Among the authors visiting for this year’s Manx Litfest, which starts on Thursday, is one with a special affinity for the Isle of Man.
Jane Holland is better known in the literary world as Victoria Lamb, the name under which she has become an award-winning writer.
She is Essex-born but Manx-raised, and is excited for her return which will see her visit schools and give a talk on the enduring appeal of historical fiction, the genre in which she has made her name.
‘I lived in the Isle of Man for 23 years, I lived in Port St Mary and I went to school at the Buchan,’ said Jane. ‘I left 10 years ago and live in Cornwall now, it looks just like the island.
‘I’m in the Isle of Man for four days for the festival. It will be interesting for me to have a look at Crogga, where my mother lived.’
The mother in question is Sheila Holland, who as Charlotte Lamb was ‘no small time novelist’ as Jane puts it, having produced more than 150 novels.
‘I grew up in a family of writers, my sister wrote for Mills and Boon, and my father was a biographer and a journalist,’ explained Jane. ‘It’s sort of like the family business! Writing was a natural choice.’
She will be carrying out talks and work shops with A level students at Castle Rushen, and Queen Elizabeth II High Schools.
‘At Castle Rushen they have a new A level in creative writing, which is great. I’ll be asking the students to write some historical fiction,’ said Jane.
‘I really like A level students as a group, they are just starting to see themselves in the world, and they’re only a short step away from becoming undergraduates. There’s a chance of inspiring someone who enjoys writing to carry on with it.’
On her own path of turning writing from a hobby into a career, Jane said she ‘just fell into it’.
‘I started writing in 1994, though I didn’t make a lot of money out of it until a Random House publisher’s competition,’ she explained.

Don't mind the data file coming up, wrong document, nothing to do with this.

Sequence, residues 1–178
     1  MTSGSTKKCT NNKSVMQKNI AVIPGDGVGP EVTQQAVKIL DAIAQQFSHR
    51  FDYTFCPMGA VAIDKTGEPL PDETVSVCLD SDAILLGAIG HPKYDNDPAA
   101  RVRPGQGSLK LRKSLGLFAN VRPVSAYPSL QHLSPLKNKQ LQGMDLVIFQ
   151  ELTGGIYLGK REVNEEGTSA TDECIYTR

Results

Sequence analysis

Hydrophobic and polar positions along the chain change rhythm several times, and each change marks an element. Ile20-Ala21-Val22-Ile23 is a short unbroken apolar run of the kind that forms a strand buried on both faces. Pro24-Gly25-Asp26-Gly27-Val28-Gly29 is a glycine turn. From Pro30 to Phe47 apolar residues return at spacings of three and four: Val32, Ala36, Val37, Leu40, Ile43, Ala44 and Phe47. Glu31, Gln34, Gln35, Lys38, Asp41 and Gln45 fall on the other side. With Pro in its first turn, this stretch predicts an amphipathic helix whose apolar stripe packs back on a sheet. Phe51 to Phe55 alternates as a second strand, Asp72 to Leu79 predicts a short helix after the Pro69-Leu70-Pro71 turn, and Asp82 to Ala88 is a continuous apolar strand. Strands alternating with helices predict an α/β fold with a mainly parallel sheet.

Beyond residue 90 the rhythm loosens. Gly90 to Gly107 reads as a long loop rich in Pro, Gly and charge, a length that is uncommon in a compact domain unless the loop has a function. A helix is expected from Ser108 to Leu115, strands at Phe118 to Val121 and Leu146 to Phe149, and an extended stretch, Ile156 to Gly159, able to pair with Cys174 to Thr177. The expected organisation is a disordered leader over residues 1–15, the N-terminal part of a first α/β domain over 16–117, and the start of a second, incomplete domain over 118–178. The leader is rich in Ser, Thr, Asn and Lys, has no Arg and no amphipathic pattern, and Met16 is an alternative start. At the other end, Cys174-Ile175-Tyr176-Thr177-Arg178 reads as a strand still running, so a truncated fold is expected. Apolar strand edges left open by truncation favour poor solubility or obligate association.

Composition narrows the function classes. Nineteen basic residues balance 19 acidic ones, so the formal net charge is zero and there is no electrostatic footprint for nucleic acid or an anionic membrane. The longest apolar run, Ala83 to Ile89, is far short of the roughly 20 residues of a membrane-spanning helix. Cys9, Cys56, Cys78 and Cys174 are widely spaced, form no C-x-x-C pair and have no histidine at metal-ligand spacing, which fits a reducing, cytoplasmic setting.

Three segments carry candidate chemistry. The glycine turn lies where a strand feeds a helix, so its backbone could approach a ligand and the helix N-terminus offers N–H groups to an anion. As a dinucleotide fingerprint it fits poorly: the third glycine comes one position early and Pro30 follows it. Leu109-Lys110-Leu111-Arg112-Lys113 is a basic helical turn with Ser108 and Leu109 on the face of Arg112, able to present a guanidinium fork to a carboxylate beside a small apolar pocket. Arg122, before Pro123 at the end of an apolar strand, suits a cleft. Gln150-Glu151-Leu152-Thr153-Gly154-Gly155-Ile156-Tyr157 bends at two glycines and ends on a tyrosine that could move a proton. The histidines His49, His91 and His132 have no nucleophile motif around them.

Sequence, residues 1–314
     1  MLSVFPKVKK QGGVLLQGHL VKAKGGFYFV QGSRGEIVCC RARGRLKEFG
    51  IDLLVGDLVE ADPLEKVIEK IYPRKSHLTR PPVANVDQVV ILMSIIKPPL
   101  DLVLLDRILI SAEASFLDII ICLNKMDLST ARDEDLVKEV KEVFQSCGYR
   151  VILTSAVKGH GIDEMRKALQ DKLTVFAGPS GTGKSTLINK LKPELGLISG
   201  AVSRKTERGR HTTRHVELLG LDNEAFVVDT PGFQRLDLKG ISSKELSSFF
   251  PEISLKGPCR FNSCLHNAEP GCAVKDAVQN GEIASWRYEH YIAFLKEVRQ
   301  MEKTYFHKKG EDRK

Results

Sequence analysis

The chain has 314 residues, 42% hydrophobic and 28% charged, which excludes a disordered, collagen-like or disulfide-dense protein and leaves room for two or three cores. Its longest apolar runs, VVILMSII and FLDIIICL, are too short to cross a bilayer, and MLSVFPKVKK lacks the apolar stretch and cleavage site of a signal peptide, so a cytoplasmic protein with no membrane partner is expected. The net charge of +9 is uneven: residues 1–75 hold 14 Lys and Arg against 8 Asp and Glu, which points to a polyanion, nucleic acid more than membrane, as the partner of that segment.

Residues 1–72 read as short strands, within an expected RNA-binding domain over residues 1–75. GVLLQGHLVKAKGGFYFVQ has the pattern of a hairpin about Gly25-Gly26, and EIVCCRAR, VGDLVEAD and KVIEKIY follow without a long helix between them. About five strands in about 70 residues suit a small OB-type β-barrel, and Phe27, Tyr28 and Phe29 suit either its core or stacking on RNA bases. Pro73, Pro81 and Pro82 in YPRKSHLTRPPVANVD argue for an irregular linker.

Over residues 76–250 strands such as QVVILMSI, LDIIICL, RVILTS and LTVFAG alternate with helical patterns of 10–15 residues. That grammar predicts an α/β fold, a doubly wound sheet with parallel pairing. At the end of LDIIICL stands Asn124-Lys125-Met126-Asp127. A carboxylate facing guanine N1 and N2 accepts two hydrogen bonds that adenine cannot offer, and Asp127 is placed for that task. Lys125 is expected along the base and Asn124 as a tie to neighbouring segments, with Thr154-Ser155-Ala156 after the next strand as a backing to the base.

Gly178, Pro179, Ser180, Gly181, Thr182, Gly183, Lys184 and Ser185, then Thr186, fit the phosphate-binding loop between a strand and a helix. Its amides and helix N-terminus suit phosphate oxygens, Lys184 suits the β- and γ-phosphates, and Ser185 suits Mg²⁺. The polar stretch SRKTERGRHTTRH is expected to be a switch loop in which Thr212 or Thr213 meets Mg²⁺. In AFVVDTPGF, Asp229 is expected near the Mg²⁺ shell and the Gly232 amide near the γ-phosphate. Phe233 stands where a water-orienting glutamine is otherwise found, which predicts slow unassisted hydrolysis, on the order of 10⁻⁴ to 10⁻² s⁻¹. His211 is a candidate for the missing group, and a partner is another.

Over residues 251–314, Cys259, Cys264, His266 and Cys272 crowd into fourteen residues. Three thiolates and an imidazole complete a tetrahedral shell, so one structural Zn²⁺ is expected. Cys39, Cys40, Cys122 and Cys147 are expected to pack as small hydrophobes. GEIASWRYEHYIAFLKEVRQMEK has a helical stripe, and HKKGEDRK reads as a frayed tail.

‘It led to a decent sum to write a trilogy of Tudor novels, then a follow-up trilogy for younger readers. Next out is a “steamy Tudor” trilogy for adults, under a different pen name. That’s nine Tudor novels, I’m becoming the Tudor Lady!
‘I do write other stuff apart from the historical fiction. My new direction is contemporary crime!’
Is the festival circuit a reality of life for the modern author?
‘I try not to do too many,’ said Jane. ‘Some writers spend their lives doing it. Not all writers get paid equally! I’ve been lucky enough not to need to do too many festivals, though I’m really excited to come back to the island, I can’t wait, my brother and sister still live there.’
Jane’s talk at the Villa Marina’s Promenade Suite on Saturday, September 28, is part of a jam-packed festival schedule following last week’s official launch. Signings, talks, classes, workshops and poetry sessions fill the agenda from next Thursday, September 26, right through to September 28.
See http://manxlitfest.com/ for information and the full schedule, though Jane’s Saturday slot is at 10.30am, with the £5.50 tickets available from by calling 600555, visiting cfvg.gov.im the Villa Marina reception or the Welcome Centre at the Sea Terminal or emailing email@example.com
What does she think draws people to historical fiction?
‘I think it’s the intensity of Tudor fiction. People can have the thrill of imagining themselves in that situation. It’s life and death soap operas; they have all that intrigue and emotional intensity. It’s not just the big gowns!’ said Jane.
‘I’ve always been interested in the story of Illiam Dhone, I wrote an – unpublished – series of poems on his life and death. There’s a lot of emotion and resonance in that story, and a political feel to the emotional life and death stories that I’m drawn to.’